The Daily Escape:
Cardinals in snow, Warrensville, NC – January 2023 photo by Keith Calhoun
If Ukraine is to stave off the Russians, it needs tanks, but Germany and the US are still reluctant to send their tanks to Ukraine. While each express slightly different reasons for withholding their tanks, it boils down to the fact that both countries seem to believe that their tanks should be used in defense of NATO, and Ukraine isn’t a member.
The question remains “Which weapons are ok to use in Ukraine?” The answer has evolved since the start of the war a year ago. NATO is now giving more advanced weapons than they thought they would, partly because they now perceive the battle for Ukraine as a clear proxy war with Russia.
It appears that the meeting of defense ministers over the weekend in Germany saw the first crack in NATO’s solid support for Ukraine. Military aid from Europe and the US for Ukraine has been the key to Ukraine’s survival and to its ability to blunt Moscow’s superior numbers of troops on the battlefield.
What was agreed isn’t chump change. It includes 200 new artillery pieces. Multiple countries, including Denmark and Estonia, are sending Ukraine literally all of their howitzers. That implies that Ukraine needs artillery pieces as a stop gap until battle tanks can be provisioned. But as of now, no battle tanks.
Germany has been reluctant to provide Leopard tanks. Why that’s what’s Wrong today is summed up by someone who Wrongo never thought he would ever quote, Bill Kristol:
Kristol is on to something. From the WaPo:
“Germany’s Leopard 2 tanks, several thousand of which are in the arsenals of its NATO allies around Europe, are the best such options for Ukraine’s use.”
The Leopards are far more numerous in NATO countries than any other tank. They are more suitable for Ukrainian terrain and maintenance capabilities than the US’ top-of-the-line battle tank, the M1 Abrams.
And it’s rarely a good thing in warfare to have a fruit salad of weapons that in general, have the same capabilities. Ukraine absolutely does not need what Michael Kofman has referred to as a “petting zoo” of battle tanks.
Some armchair generals may think that it would be nice to have one British Challenger or two, several Leopards, and a bunch of Abrams available. But from a training and logistics point of view that’s a nightmare. Of all of these possible weapons, the Leopard is regarded as ideal for Ukraine because:
- There are a lot of them
- They are less logistically complex than the Abrams
- Tank people seem to think that the learning curve for operations and maintenance isn’t as steep as it is with other tanks
Retired US General Mark Hertling is adamant that the Leopard 2 is a much better fit for the Ukrainians than the US’s M1 Abrams. His position is based on logistics. Since his whole career was spent as a tanker, he’s probably correct.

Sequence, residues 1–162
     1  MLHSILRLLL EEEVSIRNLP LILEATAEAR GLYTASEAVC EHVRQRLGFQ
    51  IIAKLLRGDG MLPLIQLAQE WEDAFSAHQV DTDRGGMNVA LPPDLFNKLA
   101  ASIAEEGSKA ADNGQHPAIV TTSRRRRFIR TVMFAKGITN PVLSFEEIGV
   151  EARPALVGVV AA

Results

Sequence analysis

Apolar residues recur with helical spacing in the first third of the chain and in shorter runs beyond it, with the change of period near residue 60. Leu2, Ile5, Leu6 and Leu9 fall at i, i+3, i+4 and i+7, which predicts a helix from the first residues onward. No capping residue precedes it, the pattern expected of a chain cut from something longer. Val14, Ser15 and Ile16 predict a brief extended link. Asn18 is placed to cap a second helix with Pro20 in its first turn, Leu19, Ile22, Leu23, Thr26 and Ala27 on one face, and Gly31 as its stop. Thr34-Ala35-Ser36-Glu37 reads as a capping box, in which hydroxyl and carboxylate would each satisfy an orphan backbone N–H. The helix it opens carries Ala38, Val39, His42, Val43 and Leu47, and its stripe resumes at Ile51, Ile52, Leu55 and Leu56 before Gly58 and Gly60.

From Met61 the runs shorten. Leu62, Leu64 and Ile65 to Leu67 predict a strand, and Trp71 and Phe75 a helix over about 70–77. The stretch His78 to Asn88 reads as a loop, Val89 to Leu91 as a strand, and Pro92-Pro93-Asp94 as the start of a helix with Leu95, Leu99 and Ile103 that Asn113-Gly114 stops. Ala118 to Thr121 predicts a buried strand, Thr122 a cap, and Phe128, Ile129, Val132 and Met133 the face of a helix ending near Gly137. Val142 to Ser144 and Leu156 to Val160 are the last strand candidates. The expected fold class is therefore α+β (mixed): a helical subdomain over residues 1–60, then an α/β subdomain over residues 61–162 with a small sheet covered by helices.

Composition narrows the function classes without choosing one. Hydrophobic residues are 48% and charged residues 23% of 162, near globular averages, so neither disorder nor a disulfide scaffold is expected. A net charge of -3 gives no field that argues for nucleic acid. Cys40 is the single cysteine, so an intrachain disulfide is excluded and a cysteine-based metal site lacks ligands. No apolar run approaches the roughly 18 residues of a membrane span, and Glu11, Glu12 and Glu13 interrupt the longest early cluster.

The clincher for the Leopard 2 is that 16 European/NATO countries operate them, and thus have the resources to help train Ukrainians in their use and maintenance on a wide scale. These countries would be able to provide Ukraine with at least a base level of spare parts from their existing stores.
Germany also has an issue if they supply Leopards from their inventory: They can’t make enough of them to replace those they give to Ukraine. That would leave Germany needing to replenish by purchasing, you guessed it, M1 Abrams tanks! So, a big win for General Dynamics, maker of the Abrams.
Since the start of the winter, there has been an ongoing degradation of Ukraine’s war making capabilities, allowing Russia to keep pounding while it organizes its newly mobilized forces for offensive action in the spring. The western media has stopped talking about the Ukrainian “win” they spoke about last summer.
Soon, winter will be over and the early spring promises a Russian counter-offensive in eastern Ukraine. At Turcopolier, TTG says:
“By spring the Russians will probably field a large infantry force. But I doubt that force will be anything but ill-trained and ill-equipped. They are not using near enough artillery and armor now to support the infantry they have. Maybe this is because they are holding it back for future offensive operations…..Having said that, I do think they will continue to try to take the Donbas and do their damnedest to hold in the south.”
This means that time is short, not simply to decide on battle tanks, but to get them into position in Ukraine with supply chains up and operating. The alternative is a slow grinding but eventual Russian victory with all that will mean for eastern Europe.
If there are doubts about what losing Ukraine will mean, consider that stopping Russia from winning in Ukraine will end the threat of major war in Europe. We shouldn’t forget that for nearly 50 years, a confrontation with the USSR (and later Russia), was the likely scenario for Europe. A Ukrainian victory would make this scenario implausible.
Some “experts” are saying that provisioning Leopard tanks for Ukraine is not likely to be a game changer on the battlefield. That may be, but it’s a certainty that without them, the war in Ukraine will be won by the Russians.
We need to face it: We’re in a very long, very expensive proxy war between NATO and Russia.